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news: the thin commandments: combating pro-ana and pro-mia sites

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Title/Topic: The Thin Commandments: Combating Pro-Ana and Pro-Mia Sites
Posted On: 11/15/2007
Carbondale, IL, Nov 15 2007 ( – It’s an online sub-culture that some say encourages – even glorifies – eating disorders.

There are more than 500 destinations online, known as pro-ana and pro-mia websites, that target those with anorexia and bulimia.

Instead of offering help, the forums do the opposite, teaching the victims how to avoid eating. There’s even a ‘thin-spiration’ section, complete with photographs of models and celebrities.

On one of the so-called pro-ana websites, you’ll find ‘the Thin Commandments’, written just like the religious doctrine, but with a much different message.

“Thou shalt not eat without feeling guilty.” “If you aren’t thin, you aren’t attractive.” “Being thin is more important than being healthy.”

“When you look at these web-sites, it’s blatantly obvious that this is a mental illness” says Dr. Sharon Peterson, with the Department of Food and Nutrition at SIU.

It becomes apparent that the creators of pro-ana and pro-mia sites try to convince others this is not a disease, but a lifestyle choice.

Here browsers find a plethora of photos featuring skinny models, also some dangerous diet plans.

“People are being shown what to do to consume XXX calories* a day, which is completely inappropriate” says Peterson, pointing at one site.

“Scary– that’s the one word I can say to describe them” says Michelle Ostien, a graduate student at SIU who is studying eating disorders.

Sharon and Michelle have seen the harmful effects of eating disorders. Michelle had a friend who suffered. Sharon went through her own experience.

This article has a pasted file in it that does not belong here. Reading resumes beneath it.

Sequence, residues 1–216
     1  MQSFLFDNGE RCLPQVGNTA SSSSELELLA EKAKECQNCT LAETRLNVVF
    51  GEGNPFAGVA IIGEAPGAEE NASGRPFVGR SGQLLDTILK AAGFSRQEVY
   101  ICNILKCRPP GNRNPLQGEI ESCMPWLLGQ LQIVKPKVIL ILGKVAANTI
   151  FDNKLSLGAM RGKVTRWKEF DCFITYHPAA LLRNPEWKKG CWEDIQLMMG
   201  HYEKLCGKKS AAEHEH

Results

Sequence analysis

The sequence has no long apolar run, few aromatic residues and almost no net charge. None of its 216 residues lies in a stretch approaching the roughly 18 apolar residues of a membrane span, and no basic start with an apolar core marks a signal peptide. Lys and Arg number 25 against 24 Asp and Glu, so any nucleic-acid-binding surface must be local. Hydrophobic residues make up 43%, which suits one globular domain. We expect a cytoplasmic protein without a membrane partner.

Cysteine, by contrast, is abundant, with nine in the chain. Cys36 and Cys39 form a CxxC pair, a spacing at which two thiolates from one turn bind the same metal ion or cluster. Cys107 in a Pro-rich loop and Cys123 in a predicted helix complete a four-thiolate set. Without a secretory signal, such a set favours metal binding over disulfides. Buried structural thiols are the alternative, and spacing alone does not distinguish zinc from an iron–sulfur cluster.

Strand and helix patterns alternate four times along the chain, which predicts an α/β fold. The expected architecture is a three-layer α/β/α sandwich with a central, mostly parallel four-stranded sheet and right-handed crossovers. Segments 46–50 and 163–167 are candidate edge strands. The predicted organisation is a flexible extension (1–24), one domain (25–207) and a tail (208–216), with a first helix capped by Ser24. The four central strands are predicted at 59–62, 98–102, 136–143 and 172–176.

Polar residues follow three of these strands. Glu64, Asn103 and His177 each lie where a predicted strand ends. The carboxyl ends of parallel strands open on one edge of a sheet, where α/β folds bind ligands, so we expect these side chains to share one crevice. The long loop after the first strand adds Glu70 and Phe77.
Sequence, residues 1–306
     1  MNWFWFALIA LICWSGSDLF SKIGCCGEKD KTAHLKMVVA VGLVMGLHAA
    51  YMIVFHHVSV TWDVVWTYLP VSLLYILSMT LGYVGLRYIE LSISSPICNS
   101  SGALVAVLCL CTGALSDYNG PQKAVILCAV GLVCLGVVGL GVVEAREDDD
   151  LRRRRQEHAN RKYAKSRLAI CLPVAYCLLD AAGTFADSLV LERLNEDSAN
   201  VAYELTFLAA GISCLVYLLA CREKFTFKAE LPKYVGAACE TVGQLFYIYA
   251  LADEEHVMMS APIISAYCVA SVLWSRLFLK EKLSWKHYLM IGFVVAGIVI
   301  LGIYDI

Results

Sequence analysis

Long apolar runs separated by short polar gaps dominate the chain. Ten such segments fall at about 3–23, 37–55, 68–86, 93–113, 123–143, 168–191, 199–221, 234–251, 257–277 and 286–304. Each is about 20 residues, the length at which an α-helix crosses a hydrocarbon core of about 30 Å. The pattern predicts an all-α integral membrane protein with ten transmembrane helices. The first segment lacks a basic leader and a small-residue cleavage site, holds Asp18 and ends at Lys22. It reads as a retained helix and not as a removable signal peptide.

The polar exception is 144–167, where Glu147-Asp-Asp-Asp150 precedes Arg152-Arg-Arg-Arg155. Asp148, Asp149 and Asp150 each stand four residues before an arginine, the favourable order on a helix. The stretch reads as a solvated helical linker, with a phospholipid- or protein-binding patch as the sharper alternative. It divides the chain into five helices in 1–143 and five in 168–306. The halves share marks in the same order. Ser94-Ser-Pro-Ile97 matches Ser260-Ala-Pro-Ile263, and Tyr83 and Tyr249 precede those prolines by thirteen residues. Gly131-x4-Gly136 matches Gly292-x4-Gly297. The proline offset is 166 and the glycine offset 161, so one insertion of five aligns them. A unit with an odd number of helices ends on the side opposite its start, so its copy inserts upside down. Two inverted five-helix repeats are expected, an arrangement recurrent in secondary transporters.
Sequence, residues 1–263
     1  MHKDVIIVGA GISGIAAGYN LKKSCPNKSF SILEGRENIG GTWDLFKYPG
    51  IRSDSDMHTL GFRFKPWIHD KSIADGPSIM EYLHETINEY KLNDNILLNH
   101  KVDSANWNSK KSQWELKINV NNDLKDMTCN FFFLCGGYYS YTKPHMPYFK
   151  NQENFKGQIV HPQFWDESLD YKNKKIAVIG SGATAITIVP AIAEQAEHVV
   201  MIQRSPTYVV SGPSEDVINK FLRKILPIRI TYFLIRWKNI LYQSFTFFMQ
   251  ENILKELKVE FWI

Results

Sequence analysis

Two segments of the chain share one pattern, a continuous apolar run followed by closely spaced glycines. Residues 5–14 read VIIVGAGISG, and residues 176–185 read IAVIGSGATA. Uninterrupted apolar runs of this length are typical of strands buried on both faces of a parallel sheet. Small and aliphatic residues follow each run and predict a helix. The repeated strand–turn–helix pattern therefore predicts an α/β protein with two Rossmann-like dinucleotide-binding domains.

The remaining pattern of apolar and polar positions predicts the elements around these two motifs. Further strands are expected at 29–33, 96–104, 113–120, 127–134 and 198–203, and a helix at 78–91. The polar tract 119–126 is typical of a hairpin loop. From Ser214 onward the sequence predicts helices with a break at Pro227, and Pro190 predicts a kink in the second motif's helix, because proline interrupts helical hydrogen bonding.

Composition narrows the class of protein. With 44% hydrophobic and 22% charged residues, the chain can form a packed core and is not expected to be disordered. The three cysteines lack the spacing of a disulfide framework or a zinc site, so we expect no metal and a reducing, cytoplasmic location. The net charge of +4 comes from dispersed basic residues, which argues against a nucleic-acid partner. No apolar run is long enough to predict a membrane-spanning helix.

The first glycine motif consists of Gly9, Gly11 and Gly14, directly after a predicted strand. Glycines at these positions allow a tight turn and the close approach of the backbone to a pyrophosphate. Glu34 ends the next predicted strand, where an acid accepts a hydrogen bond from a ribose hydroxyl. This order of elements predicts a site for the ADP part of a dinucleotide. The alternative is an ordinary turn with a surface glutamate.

“I had an eating disorder. I had anorexia. I’m 5′ 7. I got down to XX pounds*.”

Both women can speak to the many images in the media compelling people to become obsessed with their weight.

“There’s something called the ‘Desperate Housewives’ syndrome– seeing all these perfect bodies of middle-aged women on T-V and regular sized women feeling the pressure to be that thin” says Michelle.

Pro-ana and pro-mia web-sites just perpetuate that pressure while at the same time offering a false sense of community.

“In order to make themselves feel better, they are seeing if they can find other folks to be in their club.”

Sharon says there are hundreds of these websites permeating the internet. They can be hard to monitor, but she says some servers are starting to take action.

“Yahoo has taken all the pro-ana websites off their server” says Sharon.

Parents can take action too, by using internet blockers, and promoting a positive body image to their children.

News 3 tried to contact several pro-ana and pro-mia site creators to see if they thought their online forums were harmful and promoted the wrong kind of image. No one got back to us.

By: Jackie McPherson


* Numbers removed by Pale Reflections

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